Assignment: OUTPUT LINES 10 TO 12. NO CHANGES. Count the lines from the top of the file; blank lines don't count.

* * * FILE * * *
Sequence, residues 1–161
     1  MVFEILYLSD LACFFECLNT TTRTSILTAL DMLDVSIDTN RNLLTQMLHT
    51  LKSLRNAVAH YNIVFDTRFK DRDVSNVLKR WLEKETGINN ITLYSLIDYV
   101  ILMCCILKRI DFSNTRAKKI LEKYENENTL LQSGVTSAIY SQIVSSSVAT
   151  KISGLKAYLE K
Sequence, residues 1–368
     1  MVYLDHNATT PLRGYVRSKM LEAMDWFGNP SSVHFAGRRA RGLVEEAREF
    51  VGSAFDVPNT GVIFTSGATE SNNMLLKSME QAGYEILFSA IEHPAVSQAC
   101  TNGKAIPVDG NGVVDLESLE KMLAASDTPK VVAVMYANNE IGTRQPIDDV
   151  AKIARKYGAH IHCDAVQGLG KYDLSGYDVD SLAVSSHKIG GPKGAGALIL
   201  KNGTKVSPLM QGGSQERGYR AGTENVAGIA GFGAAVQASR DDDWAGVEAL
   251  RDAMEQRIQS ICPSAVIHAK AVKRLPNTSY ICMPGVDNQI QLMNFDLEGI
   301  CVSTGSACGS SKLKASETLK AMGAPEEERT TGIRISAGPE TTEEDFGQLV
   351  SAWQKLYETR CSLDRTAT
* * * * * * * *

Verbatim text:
   151  AKIARKYGAH IHCDAVQGLG KYDLSGYDVD SLAVSSHKIG GPKGAGALIL
   201  KNGTKVSPLM QGGSQERGYR AGTENVAGIA GFGAAVQASR DDDWAGVEAL
   251  RDAMEQRIQS ICPSAVIHAK AVKRLPNTSY ICMPGVDNQI QLMNFDLEGI